• The Benchmark Statement for Sociology
  • Framework for Higher Education Qualifications (2008)
  • University Learning and Teaching Strategy
  • External Examiners’ Reports for BSc Sociology

 

3. Programme Learning Outcomes

3.1 Knowledge and Understanding

On successful completion of this programme, students should be able to demonstrate knowledge and understanding in the following areas: 

  1. Understand basic sociological concepts, such as identity, inequality, social structure and social change.
  2. Describe and examine classical and contemporary social theories.
  3. Evaluate contemporary social issues from a sociological perspective.
  4. Apply a variety of qualitative and quantitative research methods.
  5. Analyse social diversity and inequality.
  6. Analyse the relationship between individuals, groups and society.
  7. Discuss the role of culture, media and representation in social life.
  8. Explain social change, including from an historical and global perspective.

 

3.2 Skills and other attributes

a. Subject-specific cognitive skills:

On successful completion of this programme, students should be able to:

  1. Assess the merits of varied social theories and explanations.
  2. Formulate sociological research questions and select appropriate research methods to answer them.
  3. Evaluate and interpret research evidence on social life.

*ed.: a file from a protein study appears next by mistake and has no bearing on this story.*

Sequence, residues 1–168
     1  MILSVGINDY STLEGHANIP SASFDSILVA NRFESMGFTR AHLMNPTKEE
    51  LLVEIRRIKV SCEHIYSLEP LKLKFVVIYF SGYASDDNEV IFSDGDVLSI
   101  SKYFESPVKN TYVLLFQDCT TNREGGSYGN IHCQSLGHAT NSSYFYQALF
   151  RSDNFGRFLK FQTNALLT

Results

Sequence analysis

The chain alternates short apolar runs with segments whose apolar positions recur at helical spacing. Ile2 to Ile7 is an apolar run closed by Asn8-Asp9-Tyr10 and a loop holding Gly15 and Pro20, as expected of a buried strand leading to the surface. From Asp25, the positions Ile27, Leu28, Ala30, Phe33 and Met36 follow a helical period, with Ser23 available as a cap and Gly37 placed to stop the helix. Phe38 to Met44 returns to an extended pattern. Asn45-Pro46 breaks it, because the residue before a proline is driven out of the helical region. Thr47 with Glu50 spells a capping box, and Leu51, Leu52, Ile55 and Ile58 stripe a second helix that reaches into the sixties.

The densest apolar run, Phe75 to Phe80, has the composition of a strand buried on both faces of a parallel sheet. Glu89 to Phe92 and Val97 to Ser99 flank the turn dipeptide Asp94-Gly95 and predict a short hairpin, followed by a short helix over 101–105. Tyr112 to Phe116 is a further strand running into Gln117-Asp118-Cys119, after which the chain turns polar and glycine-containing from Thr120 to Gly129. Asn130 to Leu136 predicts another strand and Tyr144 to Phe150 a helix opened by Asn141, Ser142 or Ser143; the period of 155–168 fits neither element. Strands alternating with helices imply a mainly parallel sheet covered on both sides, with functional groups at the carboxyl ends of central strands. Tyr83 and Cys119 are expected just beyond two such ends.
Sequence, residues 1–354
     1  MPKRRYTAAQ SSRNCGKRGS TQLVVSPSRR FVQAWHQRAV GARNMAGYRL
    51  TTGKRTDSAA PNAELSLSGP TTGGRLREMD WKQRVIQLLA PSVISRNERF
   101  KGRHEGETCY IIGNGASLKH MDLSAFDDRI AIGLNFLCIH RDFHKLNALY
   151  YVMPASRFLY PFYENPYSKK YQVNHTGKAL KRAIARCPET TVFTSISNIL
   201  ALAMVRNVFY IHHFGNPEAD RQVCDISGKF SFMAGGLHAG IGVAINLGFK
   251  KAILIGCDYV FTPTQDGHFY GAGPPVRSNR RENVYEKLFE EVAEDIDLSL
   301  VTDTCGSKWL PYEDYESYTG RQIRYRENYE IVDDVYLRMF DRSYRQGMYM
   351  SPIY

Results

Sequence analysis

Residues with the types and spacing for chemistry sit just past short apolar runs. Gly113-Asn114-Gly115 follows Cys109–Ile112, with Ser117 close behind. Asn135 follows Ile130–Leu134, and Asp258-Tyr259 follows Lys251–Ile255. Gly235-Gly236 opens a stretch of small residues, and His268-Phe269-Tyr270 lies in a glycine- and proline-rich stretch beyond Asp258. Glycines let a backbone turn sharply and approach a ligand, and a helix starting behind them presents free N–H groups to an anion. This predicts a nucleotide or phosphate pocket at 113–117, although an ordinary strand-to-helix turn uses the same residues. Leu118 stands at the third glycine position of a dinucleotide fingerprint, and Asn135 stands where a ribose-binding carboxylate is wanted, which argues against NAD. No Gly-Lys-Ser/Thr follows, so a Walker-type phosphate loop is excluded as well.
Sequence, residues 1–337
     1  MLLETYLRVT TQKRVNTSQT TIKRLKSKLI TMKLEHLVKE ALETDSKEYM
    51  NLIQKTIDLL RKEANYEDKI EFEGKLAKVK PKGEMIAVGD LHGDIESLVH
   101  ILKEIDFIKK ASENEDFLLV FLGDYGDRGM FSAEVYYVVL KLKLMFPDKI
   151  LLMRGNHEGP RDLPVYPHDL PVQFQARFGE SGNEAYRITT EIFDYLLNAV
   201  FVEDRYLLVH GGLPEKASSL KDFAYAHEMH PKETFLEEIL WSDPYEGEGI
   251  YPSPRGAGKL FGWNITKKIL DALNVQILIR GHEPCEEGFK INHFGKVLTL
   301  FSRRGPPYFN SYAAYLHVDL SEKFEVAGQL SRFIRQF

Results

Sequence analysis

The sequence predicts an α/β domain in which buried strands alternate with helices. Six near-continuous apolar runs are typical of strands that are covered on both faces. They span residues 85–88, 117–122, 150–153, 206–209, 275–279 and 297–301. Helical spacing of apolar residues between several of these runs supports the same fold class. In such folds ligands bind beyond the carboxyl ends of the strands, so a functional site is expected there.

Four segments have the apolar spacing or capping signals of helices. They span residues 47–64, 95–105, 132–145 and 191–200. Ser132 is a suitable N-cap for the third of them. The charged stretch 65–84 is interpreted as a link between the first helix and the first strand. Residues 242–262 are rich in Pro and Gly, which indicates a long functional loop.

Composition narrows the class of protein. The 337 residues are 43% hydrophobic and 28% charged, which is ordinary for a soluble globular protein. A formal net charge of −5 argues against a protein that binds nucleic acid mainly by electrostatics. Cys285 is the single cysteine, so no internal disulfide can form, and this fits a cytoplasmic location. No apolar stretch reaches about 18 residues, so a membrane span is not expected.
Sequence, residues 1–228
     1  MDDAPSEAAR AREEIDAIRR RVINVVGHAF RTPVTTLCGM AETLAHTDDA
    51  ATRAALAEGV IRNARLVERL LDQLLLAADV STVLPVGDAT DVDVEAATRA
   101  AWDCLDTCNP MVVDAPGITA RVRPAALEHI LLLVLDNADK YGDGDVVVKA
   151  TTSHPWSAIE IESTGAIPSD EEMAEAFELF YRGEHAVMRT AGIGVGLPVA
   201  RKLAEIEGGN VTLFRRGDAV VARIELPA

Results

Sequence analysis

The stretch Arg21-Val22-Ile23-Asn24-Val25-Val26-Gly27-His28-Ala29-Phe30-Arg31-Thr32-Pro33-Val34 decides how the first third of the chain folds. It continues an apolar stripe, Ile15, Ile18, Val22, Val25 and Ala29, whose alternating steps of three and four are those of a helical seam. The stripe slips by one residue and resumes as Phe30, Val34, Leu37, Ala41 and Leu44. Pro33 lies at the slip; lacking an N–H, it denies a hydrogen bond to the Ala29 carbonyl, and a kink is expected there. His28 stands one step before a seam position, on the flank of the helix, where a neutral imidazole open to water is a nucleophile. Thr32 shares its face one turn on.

4. Synthesize and critically reflect on sociological theories and empirical studies.
b. Subject-specific practical skills:

On successful completion of this programme, students should be able to:

  1. Communicate sociological knowledge in oral presentations.
  2. Communicate sociological knowledge in advanced formats, e.g. posters, video, oral debates.
  3. Interpret and analyse sociologically relevant statistical data.
  4. Design and execute practical sociological research.
  5. Apply ethical principles in sociological research.
  6. Use sociological knowledge to find solutions to public and social policy and private enterprise.
c. Key transferable skills:

On successful completion of this programme, students should be able to:

  1. Master basic study skills e.g. referencing, use of databases.
  2. Locate and evaluate sources of information, synthesize information and deploy it in reasoned argument.
  3. Communicate and present information e.g. construct written arguments, contribute to group discussions
  4. Communicate and present information using more advanced formats e.g. prepare posters, write reports, oral presentations using powerpoint, preparation of videos.
  5. Design and execute research projects.
  6. Work in teams.
  7. Use statistical and other quantitative skills, including use of statistical software.
  8. Manage time and work: plan time and resources independently in the light of deadlines.

4. Programme structure

Programme Code: SSUB01